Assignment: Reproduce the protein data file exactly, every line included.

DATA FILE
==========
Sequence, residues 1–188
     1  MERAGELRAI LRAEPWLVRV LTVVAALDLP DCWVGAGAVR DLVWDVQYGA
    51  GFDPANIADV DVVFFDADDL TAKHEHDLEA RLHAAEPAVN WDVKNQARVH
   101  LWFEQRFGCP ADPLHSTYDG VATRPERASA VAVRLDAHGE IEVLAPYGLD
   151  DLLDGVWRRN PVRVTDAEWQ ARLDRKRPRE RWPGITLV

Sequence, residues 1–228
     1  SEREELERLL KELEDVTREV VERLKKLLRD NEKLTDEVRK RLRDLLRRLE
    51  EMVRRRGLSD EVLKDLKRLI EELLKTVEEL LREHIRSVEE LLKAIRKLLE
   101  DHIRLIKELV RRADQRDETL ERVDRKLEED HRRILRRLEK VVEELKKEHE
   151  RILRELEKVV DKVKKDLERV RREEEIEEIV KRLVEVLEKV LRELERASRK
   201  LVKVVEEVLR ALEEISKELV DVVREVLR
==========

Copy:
Sequence, residues 1–188
     1  MERAGELRAI LRAEPWLVRV LTVVAALDLP DCWVGAGAVR DLVWDVQYGA
    51  GFDPANIADV DVVFFDADDL TAKHEHDLEA RLHAAEPAVN WDVKNQARVH
   101  LWFEQRFGCP ADPLHSTYDG VATRPERASA VAVRLDAHGE IEVLAPYGLD
   151  DLLDGVWRRN PVRVTDAEWQ ARLDRKRPRE RWPGITLV

Sequence, residues 1–228
     1  SEREELERLL KELEDVTREV VERLKKLLRD NEKLTDEVRK RLRDLLRRLE
    51  EMVRRRGLSD EVLKDLKRLI EELLKTVEEL LREHIRSVEE LLKAIRKLLE
   101  DHIRLIKELV RRADQRDETL ERVDRKLEED HRRILRRLEK VVEELKKEHE
   151  RILRELEKVV DKVKKDLERV RREEEIEEIV KRLVEVLEKV LRELERASRK
   201  LVKVVEEVLR ALEEISKELV DVVREVLR